Conclusions: As illustrated in the caring triad cases presented, this study moved the management approach of pain from a dichotomous realm of nurse-patient, to the more naturalistic realm for home hospice of nurse-patient-caregiver. In analyzing social processes within and across triad members, we identified categories of impact to target assessment, intervention, and education to improve pain outcomes.
Background: In 2018, >75,000 children were newly affected by the diagnosis of advanced cancer in a parent. Unfortunately, few programs exist to help parents and their children manage the impact of advanced disease together as a family. The Enhancing Connections-Palliative Care (EC-PC) parenting program was developed in response to this gap.
Objective: (1) Assess the feasibility of the EC-PC parenting program (recruitment, enrollment, and retention); (2) test the short-term impact of the program on changes in parent and child outcomes; and (3) explore the relationship between parents' physical and psychological symptoms with program outcomes.
Design: quasi-experimental two-group design employing both within- and between-subjects analyses to examine change over time and change relative to historical controls. Parents participated in five telephone-delivered and fully manualized behavioral intervention sessions at two-week intervals, delivered by trained nurses. Behavioral assessments were obtained at baseline and at three months on parents' depressed mood, anxiety, parenting skills, parenting self-efficacy, and symptom distress as well as children's behavioral-emotional adjustment (internalizing, externalizing, and anxiety/depression).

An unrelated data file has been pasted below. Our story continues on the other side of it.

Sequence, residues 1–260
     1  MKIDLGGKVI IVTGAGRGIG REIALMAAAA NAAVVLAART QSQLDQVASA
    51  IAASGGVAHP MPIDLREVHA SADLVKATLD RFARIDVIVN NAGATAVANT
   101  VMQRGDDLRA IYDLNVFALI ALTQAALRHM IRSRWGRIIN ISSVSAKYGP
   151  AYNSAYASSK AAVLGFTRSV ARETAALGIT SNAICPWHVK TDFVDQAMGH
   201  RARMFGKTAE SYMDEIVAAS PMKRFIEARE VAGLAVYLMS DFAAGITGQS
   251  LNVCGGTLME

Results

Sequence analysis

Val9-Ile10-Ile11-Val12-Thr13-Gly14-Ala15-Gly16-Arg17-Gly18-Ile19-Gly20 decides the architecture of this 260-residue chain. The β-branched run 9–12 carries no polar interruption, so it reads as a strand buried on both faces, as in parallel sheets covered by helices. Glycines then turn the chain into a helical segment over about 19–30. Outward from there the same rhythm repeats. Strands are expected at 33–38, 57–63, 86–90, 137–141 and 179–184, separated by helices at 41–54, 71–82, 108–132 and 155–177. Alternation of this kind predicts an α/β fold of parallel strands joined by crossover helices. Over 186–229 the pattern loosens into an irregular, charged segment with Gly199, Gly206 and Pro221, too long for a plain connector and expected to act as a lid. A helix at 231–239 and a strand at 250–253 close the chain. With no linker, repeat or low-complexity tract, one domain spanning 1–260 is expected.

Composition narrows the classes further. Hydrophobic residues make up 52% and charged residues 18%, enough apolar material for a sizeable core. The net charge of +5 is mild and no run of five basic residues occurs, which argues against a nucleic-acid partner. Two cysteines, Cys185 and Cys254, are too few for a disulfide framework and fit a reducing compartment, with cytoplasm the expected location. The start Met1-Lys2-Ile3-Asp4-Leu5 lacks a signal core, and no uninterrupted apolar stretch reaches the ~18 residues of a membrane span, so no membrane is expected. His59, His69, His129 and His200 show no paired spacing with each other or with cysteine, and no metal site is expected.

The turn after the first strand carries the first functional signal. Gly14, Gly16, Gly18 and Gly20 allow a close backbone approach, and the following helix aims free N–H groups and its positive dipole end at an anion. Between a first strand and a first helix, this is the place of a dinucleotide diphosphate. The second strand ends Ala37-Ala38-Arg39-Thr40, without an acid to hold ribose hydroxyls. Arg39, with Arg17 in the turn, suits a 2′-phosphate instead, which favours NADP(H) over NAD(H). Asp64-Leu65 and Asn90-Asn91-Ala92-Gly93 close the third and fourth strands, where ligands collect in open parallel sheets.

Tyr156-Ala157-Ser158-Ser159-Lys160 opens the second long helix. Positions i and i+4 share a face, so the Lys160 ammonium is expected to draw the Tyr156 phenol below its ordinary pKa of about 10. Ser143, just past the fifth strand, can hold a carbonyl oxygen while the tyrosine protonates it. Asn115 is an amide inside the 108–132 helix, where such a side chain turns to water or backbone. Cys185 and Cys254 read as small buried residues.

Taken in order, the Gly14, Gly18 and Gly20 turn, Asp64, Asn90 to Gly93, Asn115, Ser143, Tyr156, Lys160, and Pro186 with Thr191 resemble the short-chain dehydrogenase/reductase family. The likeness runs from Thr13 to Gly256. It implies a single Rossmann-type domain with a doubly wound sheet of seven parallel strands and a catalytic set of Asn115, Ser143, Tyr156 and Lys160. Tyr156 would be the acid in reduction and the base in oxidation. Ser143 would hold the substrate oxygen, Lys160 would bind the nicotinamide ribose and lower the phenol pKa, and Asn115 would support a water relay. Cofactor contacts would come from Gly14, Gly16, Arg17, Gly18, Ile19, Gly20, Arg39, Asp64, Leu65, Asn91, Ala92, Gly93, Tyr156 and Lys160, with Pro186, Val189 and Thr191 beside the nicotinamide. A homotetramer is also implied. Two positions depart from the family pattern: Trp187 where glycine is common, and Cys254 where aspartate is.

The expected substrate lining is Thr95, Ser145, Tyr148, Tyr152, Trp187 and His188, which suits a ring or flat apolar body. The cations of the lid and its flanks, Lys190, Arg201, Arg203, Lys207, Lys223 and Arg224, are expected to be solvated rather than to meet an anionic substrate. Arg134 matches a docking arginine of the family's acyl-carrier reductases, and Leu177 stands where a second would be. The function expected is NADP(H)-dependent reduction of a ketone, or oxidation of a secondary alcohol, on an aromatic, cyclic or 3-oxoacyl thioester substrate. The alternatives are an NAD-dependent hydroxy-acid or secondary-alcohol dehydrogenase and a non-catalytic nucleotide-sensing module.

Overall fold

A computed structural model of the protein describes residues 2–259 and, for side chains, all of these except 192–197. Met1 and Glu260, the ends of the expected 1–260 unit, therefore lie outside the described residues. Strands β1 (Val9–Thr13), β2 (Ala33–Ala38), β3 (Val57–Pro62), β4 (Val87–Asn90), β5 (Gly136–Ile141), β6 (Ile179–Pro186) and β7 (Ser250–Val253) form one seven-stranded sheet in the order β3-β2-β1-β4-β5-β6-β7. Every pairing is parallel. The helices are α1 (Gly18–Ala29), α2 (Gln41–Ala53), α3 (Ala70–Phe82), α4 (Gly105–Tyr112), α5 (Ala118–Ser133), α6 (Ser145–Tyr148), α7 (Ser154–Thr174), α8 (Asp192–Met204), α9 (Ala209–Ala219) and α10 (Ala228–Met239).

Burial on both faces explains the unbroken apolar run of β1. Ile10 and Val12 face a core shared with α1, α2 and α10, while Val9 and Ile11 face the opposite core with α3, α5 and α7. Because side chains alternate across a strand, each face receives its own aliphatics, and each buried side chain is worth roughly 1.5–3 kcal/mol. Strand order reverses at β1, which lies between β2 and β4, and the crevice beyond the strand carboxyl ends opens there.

Subjects: Parents diagnosed with advanced or metastatic cancer and receiving noncurative treatment were eligible for the trial provided they had one or more children aged 5-17 living at home, were able to read, write, and speak English, and were not enrolled in a hospice program.
Results: Of those enrolled, 62% completed all intervention sessions and post-intervention assessments. Within-group analyses showed significant improvements in parents' self-efficacy in helping their children manage pressures from the parent's cancer; parents' skills to elicit children's cancer-related concerns; and parents' skills to help their children cope with the cancer. Between-group analyses revealed comparable improvements with historical controls on parents' anxiety, depressed mood, self-efficacy, parenting skills, and children's behavioral-emotional adjustment.
Conclusion: The EC-PC parenting program shows promise in significantly improving parents' skills and confidence in supporting their child about the cancer. Further testing of the program is warranted.
BACKGROUND: A structured family meeting (FM) is recommended within 72 h of admission for trauma patients with high risk of mortality or disability. Multidisciplinary FMs (MDFMs) may further facilitate decision-making. We hypothesized that FM within three hospital days (HDs) or MDFM would be associated with increased use of comfort measures.